When I was pregnant with my oldest boy, I was bound and determined to nurse him for a year. Then I birthed him and discovered that my body does not produce milk like Coke from a soda machine. The poor thing was angry that whole first month before I started supplementing with formula because he was just hungry.
Then I became pregnant with my second boy. And I was bound and determined to nurse him for a year. So I bought fenugreek and drank lots of water and rented one of those hospital-grade pumps. It looked like I was on the right track, but my youngest child eventually started letting me know that all was not as it should be by pummeling my body with baby punches the minute my milk ran low. So I started supplementing with formula.
The formula packaging demanded distilled water, and we usually complied. But there were times that we’d run low on distilled water, and I’d panic. Panicking that my child might not have safe drinking water was one of the most primal emotions I’ve ever felt.
Somewhere along the way, I realized that there are mothers that truly don’t have access to safe drinking water for their children. My heart aches for them. I know that a day will come when they will no longer thirst, but today, thirst is a very present problem. Not nursing my children birthed in me a desire to someday provide funds for the drilling of a water well.
These thoughts float around in my mind when I see a baby drinking from a bottle or an advertisement for an organization like Water for Life. And then I drive past a church’s* decorative fountains and think, “No no no, this can’t be. They can’t possibly have spent thousands of dollars on gallons and gallons and gallons of water being thrown into the air for our amusement when mommas need water for their babies. This just. can’t. be.”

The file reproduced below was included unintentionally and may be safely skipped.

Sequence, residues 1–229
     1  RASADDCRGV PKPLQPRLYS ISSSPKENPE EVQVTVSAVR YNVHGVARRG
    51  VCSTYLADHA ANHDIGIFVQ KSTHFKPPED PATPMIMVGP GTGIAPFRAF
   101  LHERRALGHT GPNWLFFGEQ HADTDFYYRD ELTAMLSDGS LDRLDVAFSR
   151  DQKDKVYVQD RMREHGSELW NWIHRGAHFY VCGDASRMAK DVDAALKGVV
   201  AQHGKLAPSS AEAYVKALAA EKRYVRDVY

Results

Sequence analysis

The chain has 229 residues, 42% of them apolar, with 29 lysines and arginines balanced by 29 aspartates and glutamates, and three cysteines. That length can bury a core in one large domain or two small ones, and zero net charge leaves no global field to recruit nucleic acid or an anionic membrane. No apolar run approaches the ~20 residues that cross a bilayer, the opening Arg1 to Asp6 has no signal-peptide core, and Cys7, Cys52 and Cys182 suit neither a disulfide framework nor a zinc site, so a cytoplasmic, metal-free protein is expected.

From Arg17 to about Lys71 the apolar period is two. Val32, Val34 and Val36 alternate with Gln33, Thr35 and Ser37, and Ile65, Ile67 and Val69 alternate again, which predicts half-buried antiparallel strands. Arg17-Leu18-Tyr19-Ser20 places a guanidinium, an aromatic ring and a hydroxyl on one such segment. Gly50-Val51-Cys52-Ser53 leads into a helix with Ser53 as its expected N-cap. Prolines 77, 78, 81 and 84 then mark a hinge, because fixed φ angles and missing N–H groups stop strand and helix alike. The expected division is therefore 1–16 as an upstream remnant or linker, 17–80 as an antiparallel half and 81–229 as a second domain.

I don’t know how budgeting decisions are made for that church* (which we’re visiting, by the way). Are they trying to draw people to the church by having the most beautiful church in the area? Are they trying to show that they do everything with excellence? And where do we draw the line between excellence and wastefulness?
If I were responsible for making those budgeting decisions, I would quickly and righteously veto decorative fountains. But other areas would get a pass from me. Am I willing to be wasteful only if it benefits me?
- A large church we used to go to had restrooms that hadn’t been updated in 20 years. They smelled and looked dingy and dirty. The stall doors were in bad shape, and one even came off its hinges and was left to lean against the wall for weeks. Not that it mattered much, because the doors didn’t provide much privacy to begin with. I tried to avoid using the restroom, but it was unavoidable and always left me feeling disgusted and a little angry. Meanwhile, the lobby was beautifully decorated and contained comfy furniture. I fully believed that good money should be spent on those restrooms. And they were updated eventually. Was that money well-spent? Or should I happily use what I deemed to be a disgusting restroom so that church funds could instead be funneled to improving hygiene in a community truly needing it?
- Many new churches are going without education areas (for things like adult Bible study classes) and opting instead for home groups. But I hate that. I prefer attending a Bible study class at church on Sunday mornings so that we can take advantage of the child care provided by the church. Is that wasteful? Should money spent on church buildings used for educational purposes be funneled instead to providing Bibles and educational resources to pastors that can get them no other way?
- The church* with the fountains also has a glorious child care area. There are indoor playgrounds, rooms dedicated to different activities (like music and art), toys a-plenty, and quality caretakers. I feel like I need that child care area. I simply couldn’t do church or Bible study if I were worried about my children, wondering if they were scared or bored or crying for us. I’d rather stay home, thankyouverymuch. But is that wasteful? Should money spent on facilities that keep my children busy and entertained instead be funneled to save the life of another child?
I don’t have the answers. But I need to ask the questions.
* From what we understand, this church does give significant funds to missions.